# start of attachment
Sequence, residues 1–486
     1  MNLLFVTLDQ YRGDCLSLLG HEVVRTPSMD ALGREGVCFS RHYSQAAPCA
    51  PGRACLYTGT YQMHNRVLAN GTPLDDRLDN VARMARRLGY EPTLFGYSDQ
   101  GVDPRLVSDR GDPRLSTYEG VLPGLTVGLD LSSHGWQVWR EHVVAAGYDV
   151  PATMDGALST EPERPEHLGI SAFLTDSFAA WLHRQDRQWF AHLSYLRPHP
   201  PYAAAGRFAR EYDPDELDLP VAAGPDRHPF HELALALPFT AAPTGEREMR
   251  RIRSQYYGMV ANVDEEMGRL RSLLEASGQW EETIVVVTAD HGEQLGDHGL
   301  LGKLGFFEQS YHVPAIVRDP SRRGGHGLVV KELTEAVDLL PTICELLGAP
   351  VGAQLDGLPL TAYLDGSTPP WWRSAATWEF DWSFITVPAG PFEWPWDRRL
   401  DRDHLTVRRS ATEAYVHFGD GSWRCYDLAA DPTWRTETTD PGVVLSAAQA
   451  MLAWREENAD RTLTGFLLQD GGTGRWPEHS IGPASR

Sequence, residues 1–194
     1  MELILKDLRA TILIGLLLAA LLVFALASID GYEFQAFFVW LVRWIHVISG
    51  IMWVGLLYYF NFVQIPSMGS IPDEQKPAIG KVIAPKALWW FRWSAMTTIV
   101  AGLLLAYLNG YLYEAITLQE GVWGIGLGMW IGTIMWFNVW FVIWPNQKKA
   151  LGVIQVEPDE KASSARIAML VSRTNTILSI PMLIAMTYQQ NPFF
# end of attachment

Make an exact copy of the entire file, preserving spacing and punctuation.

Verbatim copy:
Sequence, residues 1–486
     1  MNLLFVTLDQ YRGDCLSLLG HEVVRTPSMD ALGREGVCFS RHYSQAAPCA
    51  PGRACLYTGT YQMHNRVLAN GTPLDDRLDN VARMARRLGY EPTLFGYSDQ
   101  GVDPRLVSDR GDPRLSTYEG VLPGLTVGLD LSSHGWQVWR EHVVAAGYDV
   151  PATMDGALST EPERPEHLGI SAFLTDSFAA WLHRQDRQWF AHLSYLRPHP
   201  PYAAAGRFAR EYDPDELDLP VAAGPDRHPF HELALALPFT AAPTGEREMR
   251  RIRSQYYGMV ANVDEEMGRL RSLLEASGQW EETIVVVTAD HGEQLGDHGL
   301  LGKLGFFEQS YHVPAIVRDP SRRGGHGLVV KELTEAVDLL PTICELLGAP
   351  VGAQLDGLPL TAYLDGSTPP WWRSAATWEF DWSFITVPAG PFEWPWDRRL
   401  DRDHLTVRRS ATEAYVHFGD GSWRCYDLAA DPTWRTETTD PGVVLSAAQA
   451  MLAWREENAD RTLTGFLLQD GGTGRWPEHS IGPASR

Sequence, residues 1–194
     1  MELILKDLRA TILIGLLLAA LLVFALASID GYEFQAFFVW LVRWIHVISG
    51  IMWVGLLYYF NFVQIPSMGS IPDEQKPAIG KVIAPKALWW FRWSAMTTIV
   101  AGLLLAYLNG YLYEAITLQE GVWGIGLGMW IGTIMWFNVW FVIWPNQKKA
   151  LGVIQVEPDE KASSARIAML VSRTNTILSI PMLIAMTYQQ NPFF